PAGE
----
Book two, Undead and Unemployed, was a strong follow-up. I won’t get into the details here. I’ll just say that Betsy continues to make me shake my head and laugh out loud. She’s still totally annoying, but thoroughly interesting. Nothing but respect for MJD. There is a special place in author heaven for writers who make the unlikable characters relatable, and therefore readable. Not such an easy task.
“All our dreams can come true, if we have the courage to pursue them.” -Walt Disney
I got this quote in an email this week and it has stuck with me. I’d like to think that I have the courage to pursue writing with everything I have. Though sometimes I wonder.
Last night, I told my best friend that she was a better writer than me. Today, I had to question that. Is that really an honest assessment? Or is that just negative self-talk meant to make me turn from my path? Sure, she has some skills that I have yet to acquire. But I have my own strengths as well. So, I have to go with the latter. It was fear talking. Fear that my writing sucks. Fear that I’m wasting my time. Fear that this is as good as it gets, and I wont’ get any better.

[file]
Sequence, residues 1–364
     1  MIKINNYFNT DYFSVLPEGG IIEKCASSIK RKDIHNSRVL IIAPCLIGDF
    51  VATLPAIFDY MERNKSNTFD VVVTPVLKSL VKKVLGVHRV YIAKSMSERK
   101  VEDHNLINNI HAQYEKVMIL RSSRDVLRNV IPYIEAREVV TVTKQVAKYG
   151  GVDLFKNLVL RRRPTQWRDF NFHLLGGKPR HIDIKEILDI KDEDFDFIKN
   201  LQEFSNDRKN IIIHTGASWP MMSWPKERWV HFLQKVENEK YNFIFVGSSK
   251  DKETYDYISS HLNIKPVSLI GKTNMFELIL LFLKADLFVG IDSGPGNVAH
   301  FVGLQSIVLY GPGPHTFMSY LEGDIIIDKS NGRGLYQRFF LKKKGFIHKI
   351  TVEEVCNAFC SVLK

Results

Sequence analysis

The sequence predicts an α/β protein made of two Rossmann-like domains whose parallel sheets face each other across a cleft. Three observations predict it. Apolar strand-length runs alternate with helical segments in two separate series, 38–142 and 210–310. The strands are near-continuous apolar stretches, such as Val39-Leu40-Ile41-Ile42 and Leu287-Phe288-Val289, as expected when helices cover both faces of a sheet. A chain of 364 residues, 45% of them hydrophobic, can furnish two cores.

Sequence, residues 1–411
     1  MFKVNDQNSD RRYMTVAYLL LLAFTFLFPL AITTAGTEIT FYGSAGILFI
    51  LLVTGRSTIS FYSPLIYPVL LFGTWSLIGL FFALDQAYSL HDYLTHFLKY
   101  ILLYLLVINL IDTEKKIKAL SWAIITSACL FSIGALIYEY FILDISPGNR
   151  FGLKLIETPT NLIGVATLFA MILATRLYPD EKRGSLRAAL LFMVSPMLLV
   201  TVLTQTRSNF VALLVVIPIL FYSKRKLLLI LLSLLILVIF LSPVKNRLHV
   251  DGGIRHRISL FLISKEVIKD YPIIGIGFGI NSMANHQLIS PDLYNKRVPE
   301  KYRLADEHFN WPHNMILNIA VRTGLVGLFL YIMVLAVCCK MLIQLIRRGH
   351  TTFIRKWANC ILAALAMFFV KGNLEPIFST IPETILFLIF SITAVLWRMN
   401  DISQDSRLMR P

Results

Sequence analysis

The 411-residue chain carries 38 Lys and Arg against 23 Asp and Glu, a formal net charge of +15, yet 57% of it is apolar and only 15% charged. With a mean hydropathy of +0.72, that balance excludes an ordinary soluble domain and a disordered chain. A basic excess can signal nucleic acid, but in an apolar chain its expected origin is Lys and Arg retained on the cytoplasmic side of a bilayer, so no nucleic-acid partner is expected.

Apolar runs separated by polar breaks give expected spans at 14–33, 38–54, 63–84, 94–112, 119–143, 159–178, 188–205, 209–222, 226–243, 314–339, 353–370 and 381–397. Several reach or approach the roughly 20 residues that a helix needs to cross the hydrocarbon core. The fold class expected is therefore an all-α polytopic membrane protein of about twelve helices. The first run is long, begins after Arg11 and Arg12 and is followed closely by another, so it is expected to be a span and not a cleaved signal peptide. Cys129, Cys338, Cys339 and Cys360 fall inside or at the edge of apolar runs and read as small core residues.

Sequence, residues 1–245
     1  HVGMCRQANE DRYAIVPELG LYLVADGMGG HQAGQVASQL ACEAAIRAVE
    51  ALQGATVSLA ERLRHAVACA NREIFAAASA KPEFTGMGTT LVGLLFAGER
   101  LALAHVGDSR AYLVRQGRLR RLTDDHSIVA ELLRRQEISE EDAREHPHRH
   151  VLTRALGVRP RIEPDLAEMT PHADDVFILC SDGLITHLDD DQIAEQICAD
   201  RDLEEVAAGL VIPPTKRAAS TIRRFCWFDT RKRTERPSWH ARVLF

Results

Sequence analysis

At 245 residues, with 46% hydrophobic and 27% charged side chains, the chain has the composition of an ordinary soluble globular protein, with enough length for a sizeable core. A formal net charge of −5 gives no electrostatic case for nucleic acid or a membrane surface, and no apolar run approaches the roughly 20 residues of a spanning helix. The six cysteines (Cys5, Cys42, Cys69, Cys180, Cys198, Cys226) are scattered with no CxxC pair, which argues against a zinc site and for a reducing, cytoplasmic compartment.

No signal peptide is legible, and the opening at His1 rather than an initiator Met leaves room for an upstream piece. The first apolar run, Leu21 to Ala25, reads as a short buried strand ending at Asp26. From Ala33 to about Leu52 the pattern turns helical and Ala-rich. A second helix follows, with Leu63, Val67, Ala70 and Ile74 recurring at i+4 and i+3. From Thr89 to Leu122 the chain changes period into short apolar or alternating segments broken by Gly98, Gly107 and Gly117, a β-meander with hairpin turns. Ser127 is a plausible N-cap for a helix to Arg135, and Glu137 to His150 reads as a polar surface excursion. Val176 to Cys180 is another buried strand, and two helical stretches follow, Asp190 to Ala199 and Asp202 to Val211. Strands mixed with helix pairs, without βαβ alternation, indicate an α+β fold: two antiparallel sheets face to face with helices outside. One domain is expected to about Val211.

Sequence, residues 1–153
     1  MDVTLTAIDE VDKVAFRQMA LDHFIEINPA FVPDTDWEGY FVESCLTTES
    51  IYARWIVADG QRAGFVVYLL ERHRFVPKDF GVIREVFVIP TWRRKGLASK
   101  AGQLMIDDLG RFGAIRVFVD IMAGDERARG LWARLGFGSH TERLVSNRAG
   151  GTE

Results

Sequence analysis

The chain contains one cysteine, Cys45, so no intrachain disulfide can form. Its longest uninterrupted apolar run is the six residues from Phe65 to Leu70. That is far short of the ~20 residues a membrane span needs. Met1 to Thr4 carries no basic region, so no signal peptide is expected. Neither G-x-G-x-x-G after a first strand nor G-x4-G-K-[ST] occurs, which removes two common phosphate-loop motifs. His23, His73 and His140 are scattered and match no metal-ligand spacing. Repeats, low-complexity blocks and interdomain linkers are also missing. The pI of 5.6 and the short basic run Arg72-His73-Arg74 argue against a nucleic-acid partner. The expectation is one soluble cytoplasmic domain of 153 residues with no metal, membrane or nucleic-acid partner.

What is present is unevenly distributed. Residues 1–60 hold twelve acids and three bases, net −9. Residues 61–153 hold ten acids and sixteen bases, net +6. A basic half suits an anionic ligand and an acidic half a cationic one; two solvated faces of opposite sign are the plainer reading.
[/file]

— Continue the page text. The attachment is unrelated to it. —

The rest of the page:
Fear can talk you out of something before you even get started. It happens to me all the time. It takes skill to distinguish your own voice from that of your inner fraidy cat. It’s a good thing that the absence of fear isn’t required for the presence of courage.
I believe that Walt was absolutely right. So, I’m moving forward fear or no fear.
How does fear show up in your writing life?
I’ve never really been one to reread books,even when I LOVE them. There are copies of books that have been sitting on my shelves for years. I look at their spines, and the memories of reading them make me smile: Toni Morrison’s Beloved, Kate Chopin’s The Awakening, too many others to name. I’ve just never had the urge to crack the covers of these books again.
This week I found myself rereading a book I read fairly recently, Laurell K. Hamilton’s A Kiss of Shadows. I’d checked it out for my roomie, but she never got to it. I don’t know if it was the looming deadline or the fact that I don’t own the book that made me go there. But I did. Two days before it was due back at the library, I found myself sucked back into Merry Gentry’s world. It was almost as if I hadn’t been there before. The juicy parts were still juicy. The funny parts were still funny. And my mouth still fell open at the jaw-dropping parts. Good times.
Still, there were quite a few new experiences as well. I was able to give the book a much closer reading. Of course, there were things that I completely missed the first time. But I was more intrigued by looking at the writing from a technical standpoint. I got a much better grasp on how LKH weaves description and backstory into her work. I became aware of the subtle, but effective foreshadowing that was lost during the first read. And then there was steady building of characters without slowing the pace of the story. All good lessons. Hmm, I’m thinking I should break open some other oldie-but-goodies and see what I can learn.